According to Deccan Herald, the state government has promised to enumerate the number of transgender residents in Karnataka. 

Non-implementation of Karnataka transgender policy

Karnataka put into place a policy for transgender persons in 2017, on the back of the NALSA judgement of 2014. According to the South Asian Translaw Database of the Centre for Policy and Research, “The policy adopts a three-step approach – (a) enforcement of constitutional guarantees of equal access, non-discrimination, and dignity, (b) identification of responsible State institutions and departments, and (c) defining accountability mechanisms. In line with this, the policy proposes empowerment, enabling, remedial, and sustainability measures.” 

The policy gives transgender persons the right to self-identify as male, female, or transgender, and prohibits discrimination in education, employment, housing, and public accommodation. It also promises safe housing for transgender children, and old age homes for transgender seniors. Further, the policy promises scholarships and livelihood opportunities for transgender persons in the state. The policy has been criticised for not including trans communities’ demands for reservation in education and employment. In July 2021, the government announced a 1% reservation for transgender persons in government jobs. 

In 2021, The News Minute reported that the policy has not been implemented properly in the state. Community members protested against the non-implementation, and said that mechanisms to implement the policy that were promised by the state had not been put in place. Speaking about the current status of the policy, Uma, executive director of Jeeva, a Bengaluru-based LGBTQIA+ advocacy group, said, “The Women and Child Development Department, which serves as the nodal agency for ‘implementation’ of policies, has shown no progress in the last six years. We urge for the transfer of policy implementation responsibility to the Social Welfare Department and the allocation of a budget for the same purpose.”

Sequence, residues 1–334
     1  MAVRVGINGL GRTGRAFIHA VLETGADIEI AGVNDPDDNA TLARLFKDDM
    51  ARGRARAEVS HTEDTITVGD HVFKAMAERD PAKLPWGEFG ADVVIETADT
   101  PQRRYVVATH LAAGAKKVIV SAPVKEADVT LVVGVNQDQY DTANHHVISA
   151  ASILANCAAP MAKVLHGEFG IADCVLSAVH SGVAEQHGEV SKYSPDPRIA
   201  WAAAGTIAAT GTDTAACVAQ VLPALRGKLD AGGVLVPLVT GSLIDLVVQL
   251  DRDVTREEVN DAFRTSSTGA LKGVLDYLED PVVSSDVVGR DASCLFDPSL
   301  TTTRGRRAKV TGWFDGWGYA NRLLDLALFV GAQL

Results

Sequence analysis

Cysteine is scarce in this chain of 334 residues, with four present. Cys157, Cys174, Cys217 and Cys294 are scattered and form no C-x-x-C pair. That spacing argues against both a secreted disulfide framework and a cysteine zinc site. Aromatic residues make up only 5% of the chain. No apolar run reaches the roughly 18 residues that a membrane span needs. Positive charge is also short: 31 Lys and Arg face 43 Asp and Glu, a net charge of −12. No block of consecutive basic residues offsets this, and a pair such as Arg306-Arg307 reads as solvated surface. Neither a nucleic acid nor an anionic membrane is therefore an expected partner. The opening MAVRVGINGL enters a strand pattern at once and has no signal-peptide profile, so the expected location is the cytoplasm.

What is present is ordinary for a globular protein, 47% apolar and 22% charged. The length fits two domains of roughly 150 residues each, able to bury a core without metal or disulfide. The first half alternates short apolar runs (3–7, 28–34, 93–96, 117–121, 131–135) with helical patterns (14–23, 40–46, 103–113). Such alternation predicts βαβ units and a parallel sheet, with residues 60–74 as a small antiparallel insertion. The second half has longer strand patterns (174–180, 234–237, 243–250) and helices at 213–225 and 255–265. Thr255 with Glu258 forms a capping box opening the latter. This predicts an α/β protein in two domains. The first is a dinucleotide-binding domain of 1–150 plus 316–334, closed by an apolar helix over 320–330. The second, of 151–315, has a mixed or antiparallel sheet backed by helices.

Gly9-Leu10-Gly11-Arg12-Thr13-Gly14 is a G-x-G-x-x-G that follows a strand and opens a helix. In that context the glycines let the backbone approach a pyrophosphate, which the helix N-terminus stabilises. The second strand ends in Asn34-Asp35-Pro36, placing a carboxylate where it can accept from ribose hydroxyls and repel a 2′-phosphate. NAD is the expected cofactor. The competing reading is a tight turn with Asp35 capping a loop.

Uma explained that the Women and Child Development Department is responsible for implementing several schemes, leading to a shortage of human resources to oversee the implementation of policies specifically for transgender individuals. She also highlighted the fact that no separate budget has been allocated for implementing policies targeting trans persons under the Women and Child Development Department.

According to Uma, since 2017 there has been a lack of progress on creating awareness and implementation of the transgender policy. Furthermore, there has been a frequent change of Principal Secretaries in the state government within the last two years, hindering budget allocation and implementation of policies.

Including trans persons in election activities 

According to The Hindu, only 9.8% of the registered trans voters had exercised their franchise during the 2018 Assembly election; the turnout was only slightly higher – at 11.49% – for the 2019 General Elections. The appointment of Manjamma Jogathi as a poll icon is part of the effort to encourage voter turnout among transgender communities in Karnataka. 

Manjamma Jogathi. Photo courtesy: The Hindu

In another initiative to include trans persons in the election process, the EC office recently got a makeover by trans artists as part of the Aravani Art Project

A note on language

‘Third gender’ is a derogatory term that implies there is a ‘first gender’ and ‘second gender’ — thereby ‘ranking’ people on the basis of their gender. Similarly, ‘transgenders’ is also a derogatory term. The right terms to use are transgender persons, trans persons, trans women, trans men, etc., depending on the context. Refer to The News Minute and Queer Chennai Chronicles’s glossary of LGBTQIA+ terms here